Ravi Zacharias Ministry – Rose Water and Revolutions

Amsterdam is one of my favorite cities in the world. I love the artistic history in Amsterdam, the architecture, the canals and winding stone streets, the gouda cheese and meats for breakfast, the helpfulness of the people walking down the street, the color of oranges, green apples, and ripe bananas at food stands peppering my path. I love the world famous gorgeous garden, the Keukenhof, filled with over seven million tulips, daffodils, and hyacinth that I once visited with a friend. It’s a beautiful city and I have friends there that remain in my heart.

On one trip to Amsterdam, I woke to a chilly morning in the city and the meaningful day before me. I hopped in a taxi and headed outside of the city to a secondary school for teens with special needs. Walking into the classroom I saw my friend, Helene, a prevention worker with Scarlet Cord. She and her colleague were going to be teaching a “Beware of Loverboys” class to at-risk girls aged 14-16, discussing issues of sexuality, boundaries, and the common practices of pimps¬–termed “loverboys”–who use a lengthy and intentional process to manipulate girls into prostitution. Wellspring International provides funding for this prevention program developed by Scarlet Cord and now taught in over 25 public schools annually around Amsterdam. I was there to observe, and finding a chair in an inconspicuous corner of the room, I did my best create minimal intrusion.

In this school of two hundred students and sixty females, there had been four known pregnancies and one abortion that year. Hesitant and shy at first, the girls began to respond, holding up a red card for boundaries they were comfortable holding and a green card for behaviors they found acceptable. It always surprises and frightens me to hear the role of the internet—of Facebook, of Snapchat, of webcams–in a story where a young girl ultimately finds herself in prostitution. The stories begin with meeting a charming guy who friends her on Facebook and fast forward a few days later to a gang rape, physical abuse, and ending up behind a window for sale. I followed along as they showed photos of the various profiles a loverboy will set up, allowing him to tailor his approach to the vulnerabilities of each girl he targets.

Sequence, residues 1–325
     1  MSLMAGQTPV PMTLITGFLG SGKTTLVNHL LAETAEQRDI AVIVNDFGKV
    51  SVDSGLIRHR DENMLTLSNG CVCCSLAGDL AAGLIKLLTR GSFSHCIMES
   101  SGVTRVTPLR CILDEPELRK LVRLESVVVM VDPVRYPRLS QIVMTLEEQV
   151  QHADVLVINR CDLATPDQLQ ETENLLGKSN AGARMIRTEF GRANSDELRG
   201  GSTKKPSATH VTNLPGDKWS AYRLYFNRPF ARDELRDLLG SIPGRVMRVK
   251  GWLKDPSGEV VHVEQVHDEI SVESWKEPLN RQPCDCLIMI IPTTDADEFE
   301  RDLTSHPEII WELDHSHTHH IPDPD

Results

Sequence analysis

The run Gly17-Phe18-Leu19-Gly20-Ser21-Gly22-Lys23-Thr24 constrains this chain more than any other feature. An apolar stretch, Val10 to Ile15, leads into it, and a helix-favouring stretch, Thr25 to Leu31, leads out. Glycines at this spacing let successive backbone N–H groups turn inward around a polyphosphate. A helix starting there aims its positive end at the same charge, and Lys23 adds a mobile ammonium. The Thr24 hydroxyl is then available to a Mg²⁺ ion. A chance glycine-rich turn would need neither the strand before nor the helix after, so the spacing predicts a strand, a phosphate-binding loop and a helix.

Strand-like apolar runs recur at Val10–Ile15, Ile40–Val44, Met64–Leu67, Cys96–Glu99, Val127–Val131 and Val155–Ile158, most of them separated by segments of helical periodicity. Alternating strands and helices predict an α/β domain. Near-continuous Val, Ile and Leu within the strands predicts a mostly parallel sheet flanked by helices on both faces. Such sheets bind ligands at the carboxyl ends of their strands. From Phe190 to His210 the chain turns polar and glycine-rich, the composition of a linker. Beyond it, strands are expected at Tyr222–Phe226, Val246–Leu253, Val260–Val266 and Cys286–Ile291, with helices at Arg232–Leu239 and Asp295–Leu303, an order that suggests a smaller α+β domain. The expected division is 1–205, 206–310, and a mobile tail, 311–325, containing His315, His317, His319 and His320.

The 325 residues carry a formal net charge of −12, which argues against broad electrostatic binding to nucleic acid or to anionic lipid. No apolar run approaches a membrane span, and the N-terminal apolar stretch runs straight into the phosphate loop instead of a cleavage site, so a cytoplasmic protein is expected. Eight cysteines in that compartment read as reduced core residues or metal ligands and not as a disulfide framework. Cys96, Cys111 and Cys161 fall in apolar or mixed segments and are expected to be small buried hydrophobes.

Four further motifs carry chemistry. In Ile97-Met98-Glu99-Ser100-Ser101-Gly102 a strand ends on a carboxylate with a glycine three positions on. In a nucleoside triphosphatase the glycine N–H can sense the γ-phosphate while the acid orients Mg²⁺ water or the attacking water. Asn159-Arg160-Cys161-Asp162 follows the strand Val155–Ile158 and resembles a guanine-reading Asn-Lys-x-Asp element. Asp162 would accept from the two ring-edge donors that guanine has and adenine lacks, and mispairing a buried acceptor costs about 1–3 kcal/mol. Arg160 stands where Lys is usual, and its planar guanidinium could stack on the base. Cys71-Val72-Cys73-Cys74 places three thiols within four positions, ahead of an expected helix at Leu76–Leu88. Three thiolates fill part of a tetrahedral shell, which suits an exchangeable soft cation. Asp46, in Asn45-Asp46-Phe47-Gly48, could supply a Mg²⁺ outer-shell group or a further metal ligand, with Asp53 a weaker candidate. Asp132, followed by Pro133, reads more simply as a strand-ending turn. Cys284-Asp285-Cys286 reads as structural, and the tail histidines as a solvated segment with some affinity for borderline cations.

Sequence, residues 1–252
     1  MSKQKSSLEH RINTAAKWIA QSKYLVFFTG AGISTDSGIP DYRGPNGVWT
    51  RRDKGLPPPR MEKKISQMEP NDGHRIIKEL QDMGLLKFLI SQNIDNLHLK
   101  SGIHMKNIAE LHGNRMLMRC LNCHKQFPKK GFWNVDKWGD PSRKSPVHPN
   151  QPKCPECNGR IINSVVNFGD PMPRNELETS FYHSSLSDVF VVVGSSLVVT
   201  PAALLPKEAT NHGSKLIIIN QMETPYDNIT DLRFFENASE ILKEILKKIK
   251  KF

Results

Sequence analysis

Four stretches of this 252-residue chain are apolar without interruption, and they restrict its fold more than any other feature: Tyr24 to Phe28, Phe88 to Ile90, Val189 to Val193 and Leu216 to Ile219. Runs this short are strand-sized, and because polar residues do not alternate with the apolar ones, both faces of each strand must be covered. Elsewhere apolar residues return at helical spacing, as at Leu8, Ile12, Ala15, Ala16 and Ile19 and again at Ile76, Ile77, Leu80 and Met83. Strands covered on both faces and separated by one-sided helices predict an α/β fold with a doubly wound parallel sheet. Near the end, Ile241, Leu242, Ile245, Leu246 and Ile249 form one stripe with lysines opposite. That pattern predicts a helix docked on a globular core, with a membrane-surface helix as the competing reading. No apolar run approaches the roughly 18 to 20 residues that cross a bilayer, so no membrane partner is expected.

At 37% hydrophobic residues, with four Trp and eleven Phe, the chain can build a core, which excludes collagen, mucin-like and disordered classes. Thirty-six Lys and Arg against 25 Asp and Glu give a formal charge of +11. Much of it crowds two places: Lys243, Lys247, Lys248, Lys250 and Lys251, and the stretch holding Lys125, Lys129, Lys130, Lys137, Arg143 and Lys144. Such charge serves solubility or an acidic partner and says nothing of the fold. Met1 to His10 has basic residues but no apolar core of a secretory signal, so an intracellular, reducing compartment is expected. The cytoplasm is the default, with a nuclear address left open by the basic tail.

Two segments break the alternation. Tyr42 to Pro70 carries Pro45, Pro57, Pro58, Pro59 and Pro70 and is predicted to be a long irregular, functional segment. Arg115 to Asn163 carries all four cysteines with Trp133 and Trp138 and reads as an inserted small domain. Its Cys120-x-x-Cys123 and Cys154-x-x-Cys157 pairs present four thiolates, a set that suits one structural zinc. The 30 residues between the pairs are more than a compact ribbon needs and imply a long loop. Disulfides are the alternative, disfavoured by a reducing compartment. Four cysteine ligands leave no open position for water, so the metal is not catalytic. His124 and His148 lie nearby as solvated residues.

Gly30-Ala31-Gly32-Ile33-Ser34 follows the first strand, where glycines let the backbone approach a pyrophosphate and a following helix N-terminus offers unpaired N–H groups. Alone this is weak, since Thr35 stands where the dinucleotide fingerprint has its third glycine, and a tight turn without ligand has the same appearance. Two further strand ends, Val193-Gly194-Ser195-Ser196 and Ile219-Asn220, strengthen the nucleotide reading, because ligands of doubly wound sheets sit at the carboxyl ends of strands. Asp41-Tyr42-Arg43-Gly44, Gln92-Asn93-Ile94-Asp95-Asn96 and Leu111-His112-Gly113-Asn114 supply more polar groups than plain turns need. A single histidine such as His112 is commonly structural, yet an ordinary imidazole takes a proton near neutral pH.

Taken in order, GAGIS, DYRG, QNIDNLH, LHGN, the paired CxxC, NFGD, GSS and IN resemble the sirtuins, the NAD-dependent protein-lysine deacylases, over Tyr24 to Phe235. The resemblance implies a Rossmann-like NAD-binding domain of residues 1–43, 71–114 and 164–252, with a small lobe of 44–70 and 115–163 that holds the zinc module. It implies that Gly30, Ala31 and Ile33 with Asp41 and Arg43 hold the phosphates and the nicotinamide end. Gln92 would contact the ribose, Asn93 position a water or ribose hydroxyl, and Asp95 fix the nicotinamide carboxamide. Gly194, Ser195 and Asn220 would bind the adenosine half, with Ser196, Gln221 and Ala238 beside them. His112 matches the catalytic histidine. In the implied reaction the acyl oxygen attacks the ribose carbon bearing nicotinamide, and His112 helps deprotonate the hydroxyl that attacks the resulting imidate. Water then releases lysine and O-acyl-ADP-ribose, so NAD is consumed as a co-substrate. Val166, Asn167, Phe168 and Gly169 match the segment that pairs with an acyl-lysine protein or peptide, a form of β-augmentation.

The stories are heart-wrenching. A young, teen girl allows her boyfriend to expose her and film her, only to have him use this to blackmail her into working for him. A loverboy will invest one to two years as a girl’s boyfriend, methodically pulling her away from family and friends, then stage a rape in which he intervenes and rescues her, creating a sense of indebtedness. Later he will confess how he is in real danger and ask her to sell herself just for one night to bail him out of his financial woes. Ultimately, she finds herself in a life of prostitution, still defending the certain love and good intentions of her boyfriend/pimp.

When the girls in this class were asked how they would react if a guy they met tried to strike them or offer her body up to his friends, I smiled weakly when the most feisty of the group answered confidently that she would strike back and could certainly defend herself. The reality is she would be no match for their combined physical strength. The overwhelming importance of the curriculum that focuses on establishing boundaries becomes abundantly clear to avoid such a circumstance. But in our current climate where relationships are so frequently initiated and maintained through social media, how do we realistically protect young people? When asked how many friends they have on Facebook, one answered three hundred. When asked the follow up question of how well she knew them, she answered emphatically and insistently that she truly knew them “very well.” For a generation that has grown up with virtual relationships, do the terms even mean the same thing they once did? I confess I leave these settings with renewed fears, wondering how long I can protect my own children from the destructive dangers of the Internet, iPads, and screen time.